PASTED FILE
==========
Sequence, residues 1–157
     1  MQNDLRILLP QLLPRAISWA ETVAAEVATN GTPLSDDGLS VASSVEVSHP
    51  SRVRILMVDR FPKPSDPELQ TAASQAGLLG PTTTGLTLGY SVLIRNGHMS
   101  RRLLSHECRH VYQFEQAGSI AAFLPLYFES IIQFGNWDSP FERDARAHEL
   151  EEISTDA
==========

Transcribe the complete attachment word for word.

Sequence, residues 1–157
     1  MQNDLRILLP QLLPRAISWA ETVAAEVATN GTPLSDDGLS VASSVEVSHP
    51  SRVRILMVDR FPKPSDPELQ TAASQAGLLG PTTTGLTLGY SVLIRNGHMS
   101  RRLLSHECRH VYQFEQAGSI AAFLPLYFES IIQFGNWDSP FERDARAHEL
   151  EEISTDA